Salomone seems to have owned two Hebrew manuscripts, which are now in Parma (Parma Cod. 3006-3007 and 3220). In 1624 Salomone purchased another manuscript, now in Vienna (Cod. 3222), and bequeathed another manuscript, now also in Vienna (Austrian National Library, Cod. Hebr. 116), which had originally been copied for his father Jacob Poggetto in 1582 in Cuneo, to the Jewish community of Casale Monferrato, where he died ca. 1630 (in 1607 he was still in Asti). He also sold Jacob’s copy of the poetical miscellany (British Library, Add. 27001) to Me’ir Luṣaṭo (Meir Luzzatto).
Azariah Shalom was not as active in collecting and selling of books as his brother, Salomone. Azariah Shalom’s signature appears only on a fifteenth-century extremely fragmentary book of Genesis on parchment (Parma, Cod. 2950). Azariah had at least two sons one called Ya‘aqov Hayyim (b. 1609) – whose godfather was Abramo Poggetto (Avraham Poyeṭo) who owned the illuminated French rite Maḥzor dated 1304 (Parma, Palatina Library, Cod. 3006-3007) and who left a mark on Abudarham, and Mordechai (b. 1615), whose godfather was his uncle Solomone (Shelomoh Poyeṭo) in Moncalvo.
Another son of Jacob Poggetto, Yehudah Arieh (known in Italian as Leon Poggetti, died at the end of 1647, at 63), was a well-versed scholar, schoolteacher, and the author of rabbinical responsa and unpublished commentaries. Yehudah Arieh (Leon Pogetti) was a rabbi and private tutor in the Ashkenazi synagogue of Modena from the 1620s (if not before). In 1636, Leon Poggetti declared to the Inquisition in Modena that he had inherited from his brother Salomone some of the “prohibited” books that had been sequestered from him. But Abudarham was not one of them since its title is missing from the short list of Leon’s volumes compiled by the Holy Office.
Another son of Jacob Poggetto, Mosheh was the banker in Moncalvo and Asti since 1585. Mosheh is recorded in two entries in an Asti mohel’s register as father of Israel (b. 1609; Israel’s godfather was his uncle Avraham, Abramo Poggetto, discussed in Part I) and Yehoshua‘ (b. 1611; whose godfather was R. Eliaqim, teacher in the Jewish community of Moncalvo, mentioned in Part I). Given the records, it is thus clear that Mosheh was not among those who inherited Abudarham.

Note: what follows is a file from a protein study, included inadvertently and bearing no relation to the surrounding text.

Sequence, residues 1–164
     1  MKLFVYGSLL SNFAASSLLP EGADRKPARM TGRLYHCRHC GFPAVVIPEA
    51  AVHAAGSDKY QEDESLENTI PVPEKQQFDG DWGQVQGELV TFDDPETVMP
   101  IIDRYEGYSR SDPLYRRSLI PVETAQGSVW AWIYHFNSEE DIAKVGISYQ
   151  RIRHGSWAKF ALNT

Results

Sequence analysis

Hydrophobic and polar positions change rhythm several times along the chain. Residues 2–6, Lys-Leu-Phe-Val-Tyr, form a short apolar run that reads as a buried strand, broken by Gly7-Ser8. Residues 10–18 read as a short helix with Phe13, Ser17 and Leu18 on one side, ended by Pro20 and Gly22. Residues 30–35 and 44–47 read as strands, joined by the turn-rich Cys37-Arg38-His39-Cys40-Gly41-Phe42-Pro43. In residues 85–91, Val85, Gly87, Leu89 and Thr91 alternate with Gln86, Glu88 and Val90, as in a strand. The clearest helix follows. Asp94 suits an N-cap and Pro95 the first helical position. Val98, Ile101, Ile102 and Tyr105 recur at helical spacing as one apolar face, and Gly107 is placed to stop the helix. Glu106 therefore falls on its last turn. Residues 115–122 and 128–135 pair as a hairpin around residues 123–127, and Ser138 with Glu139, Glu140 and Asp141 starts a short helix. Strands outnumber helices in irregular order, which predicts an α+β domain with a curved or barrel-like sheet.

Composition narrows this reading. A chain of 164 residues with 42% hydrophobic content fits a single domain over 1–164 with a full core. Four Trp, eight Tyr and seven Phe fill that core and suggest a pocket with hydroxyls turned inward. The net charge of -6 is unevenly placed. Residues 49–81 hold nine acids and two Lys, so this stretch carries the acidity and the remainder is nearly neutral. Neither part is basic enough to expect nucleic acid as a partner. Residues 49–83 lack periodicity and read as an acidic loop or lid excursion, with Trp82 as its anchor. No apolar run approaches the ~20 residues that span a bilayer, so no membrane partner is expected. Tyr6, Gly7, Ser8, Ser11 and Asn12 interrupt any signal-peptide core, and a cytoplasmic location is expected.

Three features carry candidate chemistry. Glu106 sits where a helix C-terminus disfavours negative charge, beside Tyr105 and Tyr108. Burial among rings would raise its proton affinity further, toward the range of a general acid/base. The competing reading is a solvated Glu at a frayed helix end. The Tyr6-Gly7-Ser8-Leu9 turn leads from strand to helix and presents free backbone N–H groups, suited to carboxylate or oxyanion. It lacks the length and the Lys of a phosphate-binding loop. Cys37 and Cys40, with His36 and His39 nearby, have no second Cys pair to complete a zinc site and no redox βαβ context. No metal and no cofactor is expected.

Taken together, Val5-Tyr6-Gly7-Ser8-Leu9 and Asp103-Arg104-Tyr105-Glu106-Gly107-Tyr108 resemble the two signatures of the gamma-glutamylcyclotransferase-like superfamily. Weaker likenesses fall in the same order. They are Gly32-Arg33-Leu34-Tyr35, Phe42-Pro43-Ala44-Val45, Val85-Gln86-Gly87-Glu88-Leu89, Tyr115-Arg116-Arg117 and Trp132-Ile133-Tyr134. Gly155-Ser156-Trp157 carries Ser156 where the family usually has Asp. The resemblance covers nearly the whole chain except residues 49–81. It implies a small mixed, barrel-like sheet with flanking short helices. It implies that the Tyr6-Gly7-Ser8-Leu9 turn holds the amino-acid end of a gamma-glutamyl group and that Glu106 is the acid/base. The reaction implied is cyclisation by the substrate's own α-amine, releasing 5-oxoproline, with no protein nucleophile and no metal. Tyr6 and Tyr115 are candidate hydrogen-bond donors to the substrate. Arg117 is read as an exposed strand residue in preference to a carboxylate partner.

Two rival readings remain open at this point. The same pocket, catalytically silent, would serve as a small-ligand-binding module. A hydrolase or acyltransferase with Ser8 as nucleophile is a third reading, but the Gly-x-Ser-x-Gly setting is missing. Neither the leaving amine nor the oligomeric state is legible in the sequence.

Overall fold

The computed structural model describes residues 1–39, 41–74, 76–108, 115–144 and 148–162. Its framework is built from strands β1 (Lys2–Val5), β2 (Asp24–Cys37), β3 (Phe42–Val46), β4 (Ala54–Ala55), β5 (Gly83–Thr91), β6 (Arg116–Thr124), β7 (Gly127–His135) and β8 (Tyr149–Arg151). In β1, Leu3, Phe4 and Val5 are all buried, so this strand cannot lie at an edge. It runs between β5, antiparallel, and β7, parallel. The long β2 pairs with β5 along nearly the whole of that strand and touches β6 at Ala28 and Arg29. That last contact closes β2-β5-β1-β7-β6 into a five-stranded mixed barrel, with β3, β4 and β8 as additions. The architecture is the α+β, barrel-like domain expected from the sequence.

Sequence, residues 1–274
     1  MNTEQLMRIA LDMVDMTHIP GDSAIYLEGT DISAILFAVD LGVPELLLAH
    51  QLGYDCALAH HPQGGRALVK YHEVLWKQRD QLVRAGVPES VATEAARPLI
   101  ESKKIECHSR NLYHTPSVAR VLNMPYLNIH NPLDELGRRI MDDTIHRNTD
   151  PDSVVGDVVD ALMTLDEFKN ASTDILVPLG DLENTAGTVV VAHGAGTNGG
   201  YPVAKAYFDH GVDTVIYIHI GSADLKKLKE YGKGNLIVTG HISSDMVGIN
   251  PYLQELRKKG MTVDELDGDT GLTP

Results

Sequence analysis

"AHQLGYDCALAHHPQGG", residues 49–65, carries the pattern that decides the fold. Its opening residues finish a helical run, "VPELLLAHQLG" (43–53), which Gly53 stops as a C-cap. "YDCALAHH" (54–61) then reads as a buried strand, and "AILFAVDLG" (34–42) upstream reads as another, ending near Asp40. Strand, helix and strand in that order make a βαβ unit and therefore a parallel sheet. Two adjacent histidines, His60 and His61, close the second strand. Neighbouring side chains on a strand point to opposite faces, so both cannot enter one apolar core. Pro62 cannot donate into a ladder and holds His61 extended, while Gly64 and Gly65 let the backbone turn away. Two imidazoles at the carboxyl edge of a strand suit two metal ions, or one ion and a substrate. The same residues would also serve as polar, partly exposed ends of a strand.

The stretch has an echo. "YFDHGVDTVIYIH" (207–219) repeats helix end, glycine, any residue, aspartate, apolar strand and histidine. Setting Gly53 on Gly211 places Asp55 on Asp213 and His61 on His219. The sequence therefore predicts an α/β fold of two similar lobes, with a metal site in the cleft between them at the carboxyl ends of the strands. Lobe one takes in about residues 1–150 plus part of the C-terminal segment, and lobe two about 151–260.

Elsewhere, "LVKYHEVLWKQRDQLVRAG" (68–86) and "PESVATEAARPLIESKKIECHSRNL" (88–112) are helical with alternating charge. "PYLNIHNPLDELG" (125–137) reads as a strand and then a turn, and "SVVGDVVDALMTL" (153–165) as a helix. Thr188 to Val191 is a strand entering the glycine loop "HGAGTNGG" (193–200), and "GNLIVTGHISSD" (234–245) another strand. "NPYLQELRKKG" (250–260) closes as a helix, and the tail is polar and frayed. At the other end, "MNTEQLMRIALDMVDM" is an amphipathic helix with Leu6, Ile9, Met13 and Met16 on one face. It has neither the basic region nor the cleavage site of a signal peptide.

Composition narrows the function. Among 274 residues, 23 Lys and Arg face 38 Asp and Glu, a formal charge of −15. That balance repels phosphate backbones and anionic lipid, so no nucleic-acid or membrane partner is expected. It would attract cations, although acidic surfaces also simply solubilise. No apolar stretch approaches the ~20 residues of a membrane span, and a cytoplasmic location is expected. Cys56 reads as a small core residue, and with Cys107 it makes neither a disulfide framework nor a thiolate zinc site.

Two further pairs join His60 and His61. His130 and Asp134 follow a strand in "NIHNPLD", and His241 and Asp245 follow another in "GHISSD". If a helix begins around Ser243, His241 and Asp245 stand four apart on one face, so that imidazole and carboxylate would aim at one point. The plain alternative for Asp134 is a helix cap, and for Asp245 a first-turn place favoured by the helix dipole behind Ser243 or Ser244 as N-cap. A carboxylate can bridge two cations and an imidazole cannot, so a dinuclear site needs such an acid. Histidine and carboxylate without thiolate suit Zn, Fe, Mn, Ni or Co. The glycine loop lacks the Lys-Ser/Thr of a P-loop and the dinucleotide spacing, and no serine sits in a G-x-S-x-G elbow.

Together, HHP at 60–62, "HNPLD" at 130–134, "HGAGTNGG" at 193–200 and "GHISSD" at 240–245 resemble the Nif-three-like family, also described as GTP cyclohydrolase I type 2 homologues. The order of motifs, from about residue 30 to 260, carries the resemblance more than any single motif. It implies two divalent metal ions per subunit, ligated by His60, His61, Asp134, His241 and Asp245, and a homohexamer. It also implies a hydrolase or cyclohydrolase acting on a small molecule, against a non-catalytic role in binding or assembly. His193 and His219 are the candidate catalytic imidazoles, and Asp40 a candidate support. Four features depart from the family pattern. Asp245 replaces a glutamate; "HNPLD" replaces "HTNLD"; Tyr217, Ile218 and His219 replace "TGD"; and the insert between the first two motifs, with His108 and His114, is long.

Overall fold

Jacob Poggetto belonged to a much talked about family: in the 1550s his uncle Lazarino was accused in Alessandria of having poisoned to death his wife Allegra Levi and was imprisoned along with his parents Isaac and Stella, Jacob Poggetto’s grandparents. Lazarino and his father Isaac had a very bad reputation even among the Jews—they had already been suspected of an attempted murder in Asti of Lazarino Levi, Lazarino Poggetto’s brother-in-law. But in this case, the Poggettos were acquitted.
Coming back to our book, the Sefer Abudarham. Inside the manuscript on about 15 leaves are marginal notations in five different hands (mostly single words), some in faded bigger characters. They seem to come from slightly later periods and not from declared signatories, except for five notes attributable to Abramo Poggetto (Avraham Poyeṭo). I want to venture a risky suggestion is that Abramo Poggetto purchased of the book from a man Meir Luzzatto, who must have been in some way connected to the Poggettos, on Salomone’s side. Luzzatto must have acquired it earlier from one of Jacob Pogetto’s heirs. But the question remains, why did Abramo, one of Ya‘aqov’s sons, have to buy it back? The answer could no doubt be found in some notarial records preserved in the archives.
In the next installment, we will explore the marks Italian censors left on the book. Stay tuned.
A note from Fabrizio Quaglia: I thank Dr. Alexander Gordin, paleographer and staff member of the National Library of Israel, for helping me render some of the Hebrew signatures on Fordham’s copy of Abudarham. Dr. Fabio Uliana, Office of Ancient Funds and Special Collections, Protection, Conservation and Restoration of Biblioteca Nazionale Universitaria of Turin, for sending images of BNU books, and Dr. Alberto Palladini, Archivist of Archivio di Stato di Modena for checking for me the list of Leon Poggetti’s books, where this document is located.
Fabrizio Quaglia is Hebraica and Judaica Consultant. His last publication is Il recinto del rinoceronte. I giorni e le opere degli ebrei ad Alessandria prima dell’emancipazione del 1848, Alessandria, Edizioni dell’Orso, 2016. Editor of MEI: Material Evidence in Incunabula Editor: https://www.cerl.org/resources/mei/about/editors.